The media has always been a competitive industry, so there are always far more candidates than jobs. This is understandable, as it is a privilege to get to tell the stories that shape people’s perception of the world. But it is a role that is too important to be the preserve of the privileged alone.
A Writing Chance addresses inequalities within the media. Today, these equalities mean that most news and comment is authored by writers from a very narrow social class. They are, disproportionately likely to be white, middle-class, privately educated or Oxbridge graduates. Or all of these.
A tiny proportion of journalists are black – just 0.2%. Reading this, I felt little had changed since the start of my journalistic career over 25 years ago. It was sad to have to acknowledge that working class representation and racial inclusion are still so scarce.
When I first arrived at my first proper job in my mid-twenties, I was given a temporary desk away from my peers and colleagues. I was surrounded by older male journalists who worked on a different publication and was already nervous before I sat down.
That was before I learnt that they enjoyed talking to each other in the voice of ‘Chalkie’, a racist stereotype of a black man portrayed by the ‘comedian’ Jim Davidson. Often, they would attempt to sing reggae to each other in Chalkie’s voice.
They behaved as if I wasn’t there and never directed their antics at me. (After all, people who don’t exist can’t complain). I tried to simply ignore them, projecting a cool exterior while sitting, hour after hour, with tears pricking the back of my eyes. Tolerating them felt like a second job, because it was.
When I privately made it known to their manager that this behaviour was unacceptable, he told me it was plainly all good, morale-boosting fun. And asked, what was the matter with me that I couldn’t see that?
Now I see this as the all-purpose excuse of harassers and bullies in every workplace. And of course, this type of gaslighting can be done to anyone. Coming from a minority group just makes it easier. Then, when we leave a job, or the industry altogether, it is because we are not ‘tough enough’.
It wasn’t only I who suffered. When I started there, I was one of three journalists of colour at this large trade publisher. When I left, three years later, I was the only one still in the industry.
I am not suggesting these toxic environments flourish today. Back then, it wasn’t just getting into the media that was an issue. Learning to thrive within an openly hostile environment was a necessary skill. Today, my experience would hopefully land my employers a tribunal hearing and a reputational disaster. Back then, unfortunately, things were a little different.
However, it is clear that candidates from less-represented backgrounds are still finding it difficult to access media careers. And it is unlikely anything will change without them.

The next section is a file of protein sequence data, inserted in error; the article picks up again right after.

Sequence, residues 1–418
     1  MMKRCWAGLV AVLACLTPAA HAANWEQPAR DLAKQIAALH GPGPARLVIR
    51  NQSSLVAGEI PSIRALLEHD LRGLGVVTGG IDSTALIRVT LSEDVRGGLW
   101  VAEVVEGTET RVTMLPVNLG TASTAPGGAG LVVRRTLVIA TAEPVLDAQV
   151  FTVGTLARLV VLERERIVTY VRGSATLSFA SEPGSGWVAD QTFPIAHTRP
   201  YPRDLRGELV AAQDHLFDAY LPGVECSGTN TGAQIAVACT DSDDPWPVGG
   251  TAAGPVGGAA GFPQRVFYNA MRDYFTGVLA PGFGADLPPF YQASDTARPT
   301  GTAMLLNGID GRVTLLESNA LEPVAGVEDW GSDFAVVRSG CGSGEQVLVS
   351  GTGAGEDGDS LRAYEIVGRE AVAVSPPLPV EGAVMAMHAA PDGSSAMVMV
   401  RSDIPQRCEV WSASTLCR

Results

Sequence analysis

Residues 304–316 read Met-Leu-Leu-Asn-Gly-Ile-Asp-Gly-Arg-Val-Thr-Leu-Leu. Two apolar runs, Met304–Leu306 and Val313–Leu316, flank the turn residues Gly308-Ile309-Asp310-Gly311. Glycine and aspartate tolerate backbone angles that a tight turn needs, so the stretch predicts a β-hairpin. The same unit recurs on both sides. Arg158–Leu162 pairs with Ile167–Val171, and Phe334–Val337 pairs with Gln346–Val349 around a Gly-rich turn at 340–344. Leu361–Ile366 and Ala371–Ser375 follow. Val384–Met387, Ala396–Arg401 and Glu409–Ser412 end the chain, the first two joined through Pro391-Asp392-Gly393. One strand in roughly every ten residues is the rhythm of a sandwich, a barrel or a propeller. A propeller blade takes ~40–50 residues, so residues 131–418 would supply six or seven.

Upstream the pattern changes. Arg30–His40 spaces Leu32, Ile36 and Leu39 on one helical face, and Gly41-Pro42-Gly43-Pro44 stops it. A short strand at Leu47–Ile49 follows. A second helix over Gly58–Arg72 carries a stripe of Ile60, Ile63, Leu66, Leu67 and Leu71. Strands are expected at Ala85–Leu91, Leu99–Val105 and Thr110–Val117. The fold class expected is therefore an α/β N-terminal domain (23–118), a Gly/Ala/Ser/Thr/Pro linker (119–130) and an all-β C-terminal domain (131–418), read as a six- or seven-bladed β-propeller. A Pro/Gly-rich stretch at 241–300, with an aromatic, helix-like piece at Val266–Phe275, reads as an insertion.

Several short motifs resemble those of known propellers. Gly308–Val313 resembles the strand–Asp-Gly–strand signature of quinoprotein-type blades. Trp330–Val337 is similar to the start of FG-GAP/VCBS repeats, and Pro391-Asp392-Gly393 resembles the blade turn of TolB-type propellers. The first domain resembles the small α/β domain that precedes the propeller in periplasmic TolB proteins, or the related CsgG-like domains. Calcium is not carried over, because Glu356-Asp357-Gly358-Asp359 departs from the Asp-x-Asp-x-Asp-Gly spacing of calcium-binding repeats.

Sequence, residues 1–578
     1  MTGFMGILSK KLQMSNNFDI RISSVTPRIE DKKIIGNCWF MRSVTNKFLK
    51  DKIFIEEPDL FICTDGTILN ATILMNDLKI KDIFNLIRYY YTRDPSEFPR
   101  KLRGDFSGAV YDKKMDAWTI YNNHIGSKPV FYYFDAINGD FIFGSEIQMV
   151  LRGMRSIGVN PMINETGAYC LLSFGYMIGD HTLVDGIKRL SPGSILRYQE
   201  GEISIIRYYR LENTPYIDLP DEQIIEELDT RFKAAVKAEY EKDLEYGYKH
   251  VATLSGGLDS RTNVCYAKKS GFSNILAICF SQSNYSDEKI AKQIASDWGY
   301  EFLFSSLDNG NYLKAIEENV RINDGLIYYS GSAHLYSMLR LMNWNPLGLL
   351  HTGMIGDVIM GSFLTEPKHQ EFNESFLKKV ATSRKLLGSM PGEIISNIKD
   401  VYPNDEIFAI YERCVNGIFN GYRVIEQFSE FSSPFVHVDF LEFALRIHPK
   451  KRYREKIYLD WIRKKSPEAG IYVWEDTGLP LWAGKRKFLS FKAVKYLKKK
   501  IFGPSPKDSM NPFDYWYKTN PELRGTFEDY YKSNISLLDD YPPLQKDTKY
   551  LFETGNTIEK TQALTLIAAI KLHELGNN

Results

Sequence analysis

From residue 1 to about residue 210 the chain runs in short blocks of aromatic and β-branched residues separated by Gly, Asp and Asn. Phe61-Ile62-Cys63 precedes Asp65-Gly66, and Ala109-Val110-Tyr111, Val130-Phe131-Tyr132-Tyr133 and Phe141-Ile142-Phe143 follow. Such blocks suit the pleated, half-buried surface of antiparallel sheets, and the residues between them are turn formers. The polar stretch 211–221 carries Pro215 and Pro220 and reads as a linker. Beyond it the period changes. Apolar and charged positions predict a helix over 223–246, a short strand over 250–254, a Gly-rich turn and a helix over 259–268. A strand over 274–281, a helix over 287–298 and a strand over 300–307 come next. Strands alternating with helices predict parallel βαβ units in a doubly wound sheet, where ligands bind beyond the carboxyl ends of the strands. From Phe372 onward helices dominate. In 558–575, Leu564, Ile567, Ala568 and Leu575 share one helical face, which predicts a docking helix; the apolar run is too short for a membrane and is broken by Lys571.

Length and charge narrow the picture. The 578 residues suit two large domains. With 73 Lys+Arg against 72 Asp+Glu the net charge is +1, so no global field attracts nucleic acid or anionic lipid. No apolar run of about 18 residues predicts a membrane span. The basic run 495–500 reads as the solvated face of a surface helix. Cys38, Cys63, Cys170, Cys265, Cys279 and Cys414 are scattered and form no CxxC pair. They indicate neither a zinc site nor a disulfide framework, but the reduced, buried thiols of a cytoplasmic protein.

Now, like a breath of fresh air, A Writing Chance is broaching the possible barriers to entering the industry, and acknowledging that these may be multiple. You may not be white, be working class, or have experience of disability or mental illness. Or all of these.
A Writing Chance also challenges the widespread and largely unacknowledged idea that people who share the same narrow middle-class upbringing are a safe pair of hands, less risky, and can be trusted. What also goes unsaid is the assumption that those who aren’t are by implication risky, potentially disruptive and untrustworthy.
In fact, alternative viewpoints are simply absent from the media, and they are necessary. Most importantly, to make sure that the policies and actions of government are challenged on how they impact people who have less of a voice.
I was fortunate enough to contribute to Common People, an anthology of working-class life writing edited by Kit de Waal and developed and supported by New Writing North, and the result was a gloriously rich and varied range of viewpoints which shone a light on lives that are, still, largely ignored.
In fact, wouldn’t a breadth, not only of opinion, but also of viewpoint (a subtle but crucial difference) make the traditional media more relevant in a digitally-saturated world, rather than less? And wouldn’t it be an easy win if this could be achieved by recruiting writers more reflective of the society which it serves?
Katy Massey’s memoir of growing up in Leeds in the 1970s and 1980s Are we home yet?, was published by Jacaranda in 2020. She worked as a journalist before completing a PhD in Creative Writing at Newcastle University. As an editor and project leader she has worked to develop and publish neglected voices resulting in two memoir anthologies: Tangled Roots: True Life Stories About Mixed Race Britain, which included contributions from Bernardine Evaristo and Diana Evans, and Who are we now? A collection of true stories about Brexit, with foreword by Blake Morrison.